Assessing Department -  2074 Aurelius Road, Holt MI  48842 - 694-1502 - email

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Delhi Charter Township Assessing Department

Frequently Asked Questions

 

Where is your office located?

 

Delhi Charter Township

Assessor’s Office

2074 Aurelius Road

Holt, MI  48842   

 

Phone: 517-694-1502

Fax:     517-694-3316

 

email

 

Click here for interactive map

Map

 

What are your office hours?

The Assessing Department is open from 8:00 a.m. to 5:00 p.m., Monday through Friday, except for holidays or as otherwise noticed.

Our Staff:

Nicole Wilson, MAAO (3), PPE, Assessor

Jim Munson, MAAO (3), PPE, Property Appraiser

Elizabeth A. Tobias, MAAO (3), PPE, Property Appraiser

 

Valuation & Tax Bill Questions


What is the difference between the Assessed Value and Taxable Value of my home?

Assessed Value is defined by state law as 50% of the market value of the property as of December 31st of the preceding year.  Taxable Value is derived from a formula created by Proposal A in 1994, designed to limit Taxable Value increases at the rate of inflation or 5% whichever is less. 


How is my assessed value calculated?

All assessed values are calculated according to State Tax Commission standards.  This value is shown as the State Equalized Value or SEV on your tax statement.  Assessments are calculated using a mass appraisal technique that takes into account the current cost to replicate your house and then depreciates that cost based on the age of the structure.  This number is then adjusted to market value by comparing the depreciated cost of homes that have sold in your area to their sales price.  Each year, the Assessor is required by law to analyze sales within economic neighborhoods using a sales study to adjust that neighborhood so that assessed values are at 50% of market value.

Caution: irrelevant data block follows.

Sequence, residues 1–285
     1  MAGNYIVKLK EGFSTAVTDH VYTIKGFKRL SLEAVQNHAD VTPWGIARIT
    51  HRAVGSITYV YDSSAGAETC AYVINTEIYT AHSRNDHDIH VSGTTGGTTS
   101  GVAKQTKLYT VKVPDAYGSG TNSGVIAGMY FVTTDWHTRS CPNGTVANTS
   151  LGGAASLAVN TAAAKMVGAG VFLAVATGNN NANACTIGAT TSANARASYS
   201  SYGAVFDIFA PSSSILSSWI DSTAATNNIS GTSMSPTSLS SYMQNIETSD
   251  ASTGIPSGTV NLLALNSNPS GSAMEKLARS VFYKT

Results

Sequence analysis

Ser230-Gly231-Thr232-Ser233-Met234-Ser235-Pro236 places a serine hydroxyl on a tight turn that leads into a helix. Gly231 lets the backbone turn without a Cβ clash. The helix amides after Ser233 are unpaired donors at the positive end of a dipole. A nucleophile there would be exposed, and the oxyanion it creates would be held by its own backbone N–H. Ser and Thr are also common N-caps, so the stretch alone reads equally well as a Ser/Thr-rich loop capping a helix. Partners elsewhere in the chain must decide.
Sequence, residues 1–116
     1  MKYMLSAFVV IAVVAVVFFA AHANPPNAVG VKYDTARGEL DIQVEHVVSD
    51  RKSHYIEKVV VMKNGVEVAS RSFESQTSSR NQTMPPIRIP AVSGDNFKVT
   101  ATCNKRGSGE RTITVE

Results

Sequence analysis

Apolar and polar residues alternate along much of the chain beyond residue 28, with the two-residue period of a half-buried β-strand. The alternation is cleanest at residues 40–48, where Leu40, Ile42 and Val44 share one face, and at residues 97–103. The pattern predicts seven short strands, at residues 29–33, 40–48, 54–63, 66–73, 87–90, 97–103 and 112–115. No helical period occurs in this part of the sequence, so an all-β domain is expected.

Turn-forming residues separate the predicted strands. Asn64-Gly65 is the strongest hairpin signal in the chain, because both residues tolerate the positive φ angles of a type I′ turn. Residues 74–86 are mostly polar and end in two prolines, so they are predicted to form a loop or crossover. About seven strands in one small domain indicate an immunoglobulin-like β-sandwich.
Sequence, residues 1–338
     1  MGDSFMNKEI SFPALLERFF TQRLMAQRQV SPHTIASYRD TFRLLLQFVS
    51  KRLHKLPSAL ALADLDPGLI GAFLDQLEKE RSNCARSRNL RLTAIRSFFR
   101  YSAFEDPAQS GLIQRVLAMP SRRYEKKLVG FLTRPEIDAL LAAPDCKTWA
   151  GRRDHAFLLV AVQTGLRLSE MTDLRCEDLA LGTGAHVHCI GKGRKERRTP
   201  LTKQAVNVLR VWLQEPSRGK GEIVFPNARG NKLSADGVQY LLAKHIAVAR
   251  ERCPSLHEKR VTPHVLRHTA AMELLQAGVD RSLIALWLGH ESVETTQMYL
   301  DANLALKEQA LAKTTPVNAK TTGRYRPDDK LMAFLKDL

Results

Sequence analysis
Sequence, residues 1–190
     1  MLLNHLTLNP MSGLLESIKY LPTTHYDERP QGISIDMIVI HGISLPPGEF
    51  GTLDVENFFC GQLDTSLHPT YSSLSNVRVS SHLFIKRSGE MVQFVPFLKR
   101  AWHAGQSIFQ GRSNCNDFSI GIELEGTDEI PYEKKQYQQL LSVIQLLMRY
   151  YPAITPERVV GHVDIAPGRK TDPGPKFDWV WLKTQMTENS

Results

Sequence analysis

How is my Taxable Value calculated?

The term Taxable Value was used in the 1994 constitutional amendment known as Proposal A to replace SEV in the property tax equation to calculate property tax bills.  The first step in the process of determining Taxable Value is to calculate the Capped Value of every parcel of assessable property using the following formula:

 

CAPPED VALUE FORMULA:

Bulletin 14 of 2011 Inflation Rate Multiplier

Prior Taxable Value – Taxable Value of Losses * Lesser of 5% or CPI Multiplier + Taxable Value of Additions = Capped Value

CPI is the Consumer’s Price Index (Inflation rate) as calculated by the State of Michigan each fall.

The legislature has defined Taxable Value to be the lesser of SEV or Capped Value.  Assessors are required to annually calculate a Capped Value for each individual parcel of real property.  The Capped Value is then compared to the SEV of that property, and the lower of the two will be its Taxable Value upon which taxes are levied.  The year following an eligible transfer of ownership, the SEV of the transferred property set in that year is its Taxable Value. 


The Equalization Timetable

With significant evidence of declining market values, the Michigan State Tax Commission has directed all Assessors and Equalization Departments to use a 12-month study for the preparation of 2012 Residential property assessments. 

For 2012 Residential property assessments, the 12-month sales study begins October 1, 2010 and ends September 30, 2011. 

According to the State Tax Commission, the use of a 12-month sales study allows the 2012 assessments to more accurately reflect current market conditions.  However, the limited number of current sales also means that many areas of the Township have very limited data for the Assessor to calculate current assessments.  It may be necessary for the Assessor to expand areas for reviewing neighborhood analysis or estimate market changes based upon area trends.

For 2012, the State Tax Commission is allowing a 24-month appraisal studies (differs from sales study) to determine the property assessments for all other classes of property (agricultural, commercial, industrial, etc). 


Foreclosure Sales